The first really successful electric automobile was the carriage built by William Morrison of Des Moines, Iowa, in 1890.  Morrison’s car used high, spoked wagon wheels to negotiate the rutted roads of America, and an innovative guidance system which included patented rack-and-pinion steering.  Morrison’s car was capable of running for 13 consecutive hours at 14 mph.  Much of the car’s success, however, was attributable to the promotional efforts of Harold Sturges, secretary of the American Battery Company.

1890 Morrison

1890 Morrison

Fits and Starts

In May, 1893, the World’s Columbian Exposition opened in Chicago.  Exhibits included the Morrison-Sturges carriage, another by the Ward Electrical Car Company, and two Keller-Dagenhart tricycles.  Originally, an entire fleet of Keller-Dagenharts was ordered to transport patrons around the exposition ground.  But only two were built, thus missing a golden opportunity to make electric vehicles a major attraction at the fair.

About that time, electric cars were built by W. J. Still of Toronto and Dickson’s Carriage Works of Ontario.  Dickson’s car was commissioned by Frederick Barnard Featherstonhaugh, who later granted it an honorable retirement after 15 years’ service.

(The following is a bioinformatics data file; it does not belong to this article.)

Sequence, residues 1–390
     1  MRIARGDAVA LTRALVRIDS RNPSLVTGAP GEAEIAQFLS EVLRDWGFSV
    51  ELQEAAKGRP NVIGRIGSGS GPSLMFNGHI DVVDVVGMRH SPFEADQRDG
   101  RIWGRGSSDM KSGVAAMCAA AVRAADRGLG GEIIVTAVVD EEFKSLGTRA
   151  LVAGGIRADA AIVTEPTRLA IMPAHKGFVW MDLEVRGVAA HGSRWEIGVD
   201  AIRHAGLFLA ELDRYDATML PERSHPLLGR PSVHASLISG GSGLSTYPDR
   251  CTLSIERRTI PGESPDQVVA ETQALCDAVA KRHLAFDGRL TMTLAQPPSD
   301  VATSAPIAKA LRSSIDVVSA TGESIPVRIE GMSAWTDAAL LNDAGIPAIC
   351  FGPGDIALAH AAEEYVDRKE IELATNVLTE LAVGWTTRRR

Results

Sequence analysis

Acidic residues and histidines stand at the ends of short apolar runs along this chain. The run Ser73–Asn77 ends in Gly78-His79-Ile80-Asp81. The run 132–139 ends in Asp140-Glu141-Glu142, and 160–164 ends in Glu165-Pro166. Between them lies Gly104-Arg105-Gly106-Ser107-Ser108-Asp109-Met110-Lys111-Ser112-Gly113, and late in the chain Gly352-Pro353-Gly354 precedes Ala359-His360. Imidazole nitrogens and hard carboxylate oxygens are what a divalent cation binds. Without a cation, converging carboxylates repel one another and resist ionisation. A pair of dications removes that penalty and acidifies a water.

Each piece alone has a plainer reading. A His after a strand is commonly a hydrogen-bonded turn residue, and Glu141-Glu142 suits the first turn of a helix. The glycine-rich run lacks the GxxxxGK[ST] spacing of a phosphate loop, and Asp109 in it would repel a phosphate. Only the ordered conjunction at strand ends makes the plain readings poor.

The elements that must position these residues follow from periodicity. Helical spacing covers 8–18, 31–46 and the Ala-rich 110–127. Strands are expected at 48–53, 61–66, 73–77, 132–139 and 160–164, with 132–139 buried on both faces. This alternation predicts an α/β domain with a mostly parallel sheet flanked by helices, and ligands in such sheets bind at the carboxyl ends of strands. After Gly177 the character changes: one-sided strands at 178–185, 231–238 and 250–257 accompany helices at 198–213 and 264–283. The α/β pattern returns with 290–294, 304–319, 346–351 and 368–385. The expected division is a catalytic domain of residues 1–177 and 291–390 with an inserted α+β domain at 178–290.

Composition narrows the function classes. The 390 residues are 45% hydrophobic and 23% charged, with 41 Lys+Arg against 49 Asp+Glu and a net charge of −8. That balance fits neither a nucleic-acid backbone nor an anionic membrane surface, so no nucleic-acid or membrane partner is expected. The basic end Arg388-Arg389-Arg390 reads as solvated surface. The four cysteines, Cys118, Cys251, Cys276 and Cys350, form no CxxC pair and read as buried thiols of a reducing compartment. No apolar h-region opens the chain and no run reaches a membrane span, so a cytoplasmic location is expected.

Walter Bersey designed and built a post office van in 1893.  The next year, he completed a four-seater car.  But Bersey was constantly in trouble for violating Britain’s Red Flag Act which, among other regulations, restricted automobiles to 2 mph in cities, and required two drivers, plus a third man walking ahead of the vehicle.

Stiff Competition

At this juncture, steam and internal combustion cars began to emerge as stiff competition to the electric.  James Bullard introduced the flash boiler in 1885, enabling steam cars to get up steam within minutes.  Nicolaus Otto of Deutz, Germany, combined the best features of previous internal combustion engines into his successful four-cycle engine of 1877.  The first gasoline-powered cars were built by John Lambert and Henry Nadig in 1891.

In 1894, Le Petit Journal sponsored a 78-mile car race from Paris to Rouen.  Then, in 1895, the Automotive Club of France held the great Paris-Bordeaux race of a then incredible 727 miles in length.  Only steam and gasoline cars participated in these two events, and the upstart gasoline cars asserted themselves convincingly.

The Big Race